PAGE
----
August 19, 2016

JPN to provide financial injection for paddy in Ayeyawady

A farmer harvesting rice in Ayeyawady Delta.
A farmer harvesting rice in Ayeyawady Delta.

PLANS are in place for the Japanese company, Mandaku, to partner with the Department of Agriculture in planting and cultivating good quality paddy on 1,300 acres of land in Ayeyawady Region during this rainy season.
The Department of Agriculture has announced it plans to work together with local farmers to plant quality paddy grains of Paw Hsan Yin, Hsin Thwe Lat and Hsin Thukha on 50 acres of land per township in the region.
U Htun Aung Kyaw, head of the Ayeyawady Region Department of Agriculture, says the Japanese will assist with a K260 million interest-free loan for the initiative, equivalent to K200,000 per acre.
“Our department will provide technical assistance with cultivation so that farmers are in a position whereby they can distribute a sufficient quantity of quality paddy, while the Japanese will provide support in a financial capacity.” he said.
The Department of Agriculture anticipates one acre of paddy to yield 81.2 bushels. If estimates are correct, farmers will be able to distribute over 104,400 bushels of paddy come next year’s monsoon paddy season.
It is reported that farmers will only be required to provide farmland and labour for the planting of paddy, with the Mandaku company incurring all financial expenses from the time of planting monsoon paddy through to its harvest.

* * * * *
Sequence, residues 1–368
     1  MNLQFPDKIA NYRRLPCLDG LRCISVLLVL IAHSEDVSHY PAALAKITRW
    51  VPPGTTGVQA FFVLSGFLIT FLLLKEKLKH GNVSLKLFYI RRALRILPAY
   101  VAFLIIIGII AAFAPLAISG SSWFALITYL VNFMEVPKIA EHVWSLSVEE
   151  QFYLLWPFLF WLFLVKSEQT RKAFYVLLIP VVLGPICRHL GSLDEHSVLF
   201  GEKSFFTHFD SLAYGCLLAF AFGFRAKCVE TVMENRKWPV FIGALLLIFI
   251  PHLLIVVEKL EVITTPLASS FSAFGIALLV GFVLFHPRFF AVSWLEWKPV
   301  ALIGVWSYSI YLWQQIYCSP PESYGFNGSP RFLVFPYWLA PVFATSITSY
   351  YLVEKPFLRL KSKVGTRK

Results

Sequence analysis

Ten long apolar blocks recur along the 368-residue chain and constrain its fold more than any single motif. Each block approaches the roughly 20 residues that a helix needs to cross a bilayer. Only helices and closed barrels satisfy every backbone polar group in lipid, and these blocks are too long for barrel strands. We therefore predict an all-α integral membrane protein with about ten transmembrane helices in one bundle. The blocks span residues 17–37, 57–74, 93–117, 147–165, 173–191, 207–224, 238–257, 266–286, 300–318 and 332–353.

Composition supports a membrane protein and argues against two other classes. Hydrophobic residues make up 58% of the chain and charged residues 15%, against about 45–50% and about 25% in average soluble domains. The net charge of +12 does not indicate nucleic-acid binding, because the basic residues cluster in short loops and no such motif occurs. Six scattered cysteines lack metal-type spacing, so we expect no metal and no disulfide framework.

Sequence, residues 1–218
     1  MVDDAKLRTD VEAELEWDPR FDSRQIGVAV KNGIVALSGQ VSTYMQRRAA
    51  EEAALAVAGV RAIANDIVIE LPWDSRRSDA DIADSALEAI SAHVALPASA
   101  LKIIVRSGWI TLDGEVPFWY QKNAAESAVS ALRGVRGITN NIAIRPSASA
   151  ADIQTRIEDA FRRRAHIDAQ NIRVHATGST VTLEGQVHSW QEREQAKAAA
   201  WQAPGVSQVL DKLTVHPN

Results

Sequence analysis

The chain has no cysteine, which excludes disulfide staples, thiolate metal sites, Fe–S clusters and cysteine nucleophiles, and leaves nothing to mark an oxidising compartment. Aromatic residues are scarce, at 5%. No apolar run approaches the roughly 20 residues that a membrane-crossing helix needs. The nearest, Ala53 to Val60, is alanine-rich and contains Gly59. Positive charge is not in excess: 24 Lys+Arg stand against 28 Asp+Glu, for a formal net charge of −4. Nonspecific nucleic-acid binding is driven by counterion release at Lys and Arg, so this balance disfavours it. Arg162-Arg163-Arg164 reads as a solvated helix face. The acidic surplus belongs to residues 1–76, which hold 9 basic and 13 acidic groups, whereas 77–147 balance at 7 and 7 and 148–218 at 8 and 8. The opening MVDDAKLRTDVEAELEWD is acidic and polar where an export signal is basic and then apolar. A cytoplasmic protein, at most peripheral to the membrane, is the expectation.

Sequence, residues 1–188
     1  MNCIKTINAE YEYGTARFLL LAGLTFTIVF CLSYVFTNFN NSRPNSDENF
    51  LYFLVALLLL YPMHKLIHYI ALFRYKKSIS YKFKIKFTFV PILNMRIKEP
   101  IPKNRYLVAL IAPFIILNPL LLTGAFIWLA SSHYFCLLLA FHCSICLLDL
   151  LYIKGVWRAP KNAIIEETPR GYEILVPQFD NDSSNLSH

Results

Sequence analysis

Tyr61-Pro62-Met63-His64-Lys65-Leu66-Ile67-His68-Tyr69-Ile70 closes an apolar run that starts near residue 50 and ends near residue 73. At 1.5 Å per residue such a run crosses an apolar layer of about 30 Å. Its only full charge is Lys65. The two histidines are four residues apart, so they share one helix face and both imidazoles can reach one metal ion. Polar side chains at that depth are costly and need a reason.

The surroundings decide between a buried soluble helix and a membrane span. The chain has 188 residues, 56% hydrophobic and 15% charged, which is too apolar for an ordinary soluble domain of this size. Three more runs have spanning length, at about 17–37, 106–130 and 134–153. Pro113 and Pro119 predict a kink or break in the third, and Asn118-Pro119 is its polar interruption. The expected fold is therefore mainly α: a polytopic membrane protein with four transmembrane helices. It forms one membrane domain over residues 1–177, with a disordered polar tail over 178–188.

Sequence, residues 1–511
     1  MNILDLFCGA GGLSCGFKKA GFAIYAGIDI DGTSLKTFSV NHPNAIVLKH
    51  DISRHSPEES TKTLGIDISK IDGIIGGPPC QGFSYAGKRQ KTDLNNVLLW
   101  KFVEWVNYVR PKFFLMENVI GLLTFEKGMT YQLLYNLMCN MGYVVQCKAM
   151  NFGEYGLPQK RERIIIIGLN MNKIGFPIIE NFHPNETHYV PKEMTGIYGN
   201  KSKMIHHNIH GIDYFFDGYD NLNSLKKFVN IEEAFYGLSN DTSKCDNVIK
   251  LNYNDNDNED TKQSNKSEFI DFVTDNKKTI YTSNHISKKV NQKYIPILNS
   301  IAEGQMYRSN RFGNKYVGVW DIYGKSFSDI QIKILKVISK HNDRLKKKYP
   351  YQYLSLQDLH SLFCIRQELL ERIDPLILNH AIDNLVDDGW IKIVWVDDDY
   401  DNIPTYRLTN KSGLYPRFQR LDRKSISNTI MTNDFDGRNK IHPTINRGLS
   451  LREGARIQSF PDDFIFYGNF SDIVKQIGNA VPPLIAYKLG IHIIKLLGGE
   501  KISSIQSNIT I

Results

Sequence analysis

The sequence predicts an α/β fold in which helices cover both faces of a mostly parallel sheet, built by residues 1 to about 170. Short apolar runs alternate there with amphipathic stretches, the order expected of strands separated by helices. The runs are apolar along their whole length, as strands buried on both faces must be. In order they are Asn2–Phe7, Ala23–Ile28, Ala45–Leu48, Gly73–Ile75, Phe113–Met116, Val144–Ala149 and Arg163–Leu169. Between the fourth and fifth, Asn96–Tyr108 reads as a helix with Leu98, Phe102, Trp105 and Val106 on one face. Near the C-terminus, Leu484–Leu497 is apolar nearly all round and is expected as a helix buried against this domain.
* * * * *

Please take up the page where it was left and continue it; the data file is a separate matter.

But, U Sein Maung Myit, head of the Pathein district Department of Agriculture, explains that once farmers have harvested their paddy, they must sell half of their yield back to the Department of Agriculture, who will pay a higher price for it than outside buyers. The interest-free credit lent by the Mandaku company will then be repaid.
“The Department of Agriculture doesn’t distribute out quality paddy grain in our region. We must rely on our own efforts to cultivate a quality paddy.” said U Oo Than Htun, a farmer from Yekyi township. According to the records of the Department of Agriculture, the Ayeyawady Region boasts of 3.6 million acres of monsoon paddy and 1.2 million acres of summer paddy.


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